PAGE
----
ZELENIAK: It all depends on the agency’s approach. We’re going to respond to whatever they say. In some cases, they may start over, and in some cases, they may request that just certain parts of it be revised. It’s really an agency decision. It’s their contracting officers’ [decision].
WT: I understand that Verizon bid on a contract for voice and data for more than 20,000 people at the Environmental Protection Agency. They’re ready for the data transition, and they’re in the final stages of preparing to implement the voice transition. They’ve even done some training on using the Verizon portal while the agency investigates the feasibility of a new technology that could expand communications flexibility.
ZELENIAK: The agency is reviewing that, so it would be inappropriate for me to comment on it, but I will say that we are waiting for further direction from the agency.
WT: Getting the transition done while also tweaking the technology to expand current and future capabilities is more of a transformation than a simple transition. With a bit more than a year to the deadline for switching to Networx, are you seeing agencies going for the simple transition or trying to lay the groundwork for transformation now when it might cost less?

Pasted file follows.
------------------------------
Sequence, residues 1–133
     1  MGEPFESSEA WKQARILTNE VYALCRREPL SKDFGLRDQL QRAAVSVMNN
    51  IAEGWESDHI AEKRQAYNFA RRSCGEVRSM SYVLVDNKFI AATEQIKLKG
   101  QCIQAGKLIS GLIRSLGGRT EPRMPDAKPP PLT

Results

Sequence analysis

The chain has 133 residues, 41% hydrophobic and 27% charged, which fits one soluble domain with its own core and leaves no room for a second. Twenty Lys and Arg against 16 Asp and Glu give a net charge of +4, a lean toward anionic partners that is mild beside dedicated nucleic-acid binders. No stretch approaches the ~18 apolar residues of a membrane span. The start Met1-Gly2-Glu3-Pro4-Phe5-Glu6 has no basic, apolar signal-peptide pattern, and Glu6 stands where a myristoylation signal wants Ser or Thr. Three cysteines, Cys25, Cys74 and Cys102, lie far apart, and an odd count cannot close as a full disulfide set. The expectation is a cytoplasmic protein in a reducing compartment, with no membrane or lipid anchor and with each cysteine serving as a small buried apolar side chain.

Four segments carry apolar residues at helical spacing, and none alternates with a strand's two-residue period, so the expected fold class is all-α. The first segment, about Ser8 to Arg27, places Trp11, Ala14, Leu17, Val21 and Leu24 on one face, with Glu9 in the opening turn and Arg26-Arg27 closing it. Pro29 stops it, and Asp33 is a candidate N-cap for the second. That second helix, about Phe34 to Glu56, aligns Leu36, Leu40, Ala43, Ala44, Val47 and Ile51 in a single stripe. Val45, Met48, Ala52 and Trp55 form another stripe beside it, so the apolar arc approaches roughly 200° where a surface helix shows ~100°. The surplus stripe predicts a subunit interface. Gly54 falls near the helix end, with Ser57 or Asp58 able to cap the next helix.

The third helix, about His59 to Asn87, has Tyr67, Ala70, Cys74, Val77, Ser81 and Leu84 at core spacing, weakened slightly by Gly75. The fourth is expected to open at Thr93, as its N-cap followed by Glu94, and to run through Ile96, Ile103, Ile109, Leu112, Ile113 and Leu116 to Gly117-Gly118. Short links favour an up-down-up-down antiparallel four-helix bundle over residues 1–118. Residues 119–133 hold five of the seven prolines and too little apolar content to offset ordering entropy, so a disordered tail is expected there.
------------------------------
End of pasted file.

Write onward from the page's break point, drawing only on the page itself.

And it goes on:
ZELENIAK: We’re seeing both. Sometimes I see both in the same opportunity. For example, an agency might be using some of what it had in the past but enhancing it or maybe adding to it — adding more security or network management, or adding remote access to the network. Also, a lot of agencies have already done some transformation, like from a frame kind of network to a [Multiprotocol Label Switching] network.
Now, as part of their fair opportunity [award process], they’re building on what they’ve already done.…
We absolutely see people who are doing like for like, and we absolutely see people who are thinking about the next layer and making sure they include that in their evaluation so they are prepared to move forward on their own schedule.
Networx has a lot of transformational services — significant collaboration tools, teleworking tools, security opportunities, call-center enhancement — which we expect agencies to take advantage of once they have finished the primary transition of their networks.
We sort of understand that that will be their pattern: Get the first phase done and then start to think about what other things Networx offers. But at this point, they need to get the basics done.
WT: Teleworking has been in the news recently. Verizon did a safe teleworking event on Inauguration Day, and Qwest just acquired a company that does secure teleworking. How much interest are you seeing for telework services through Networx?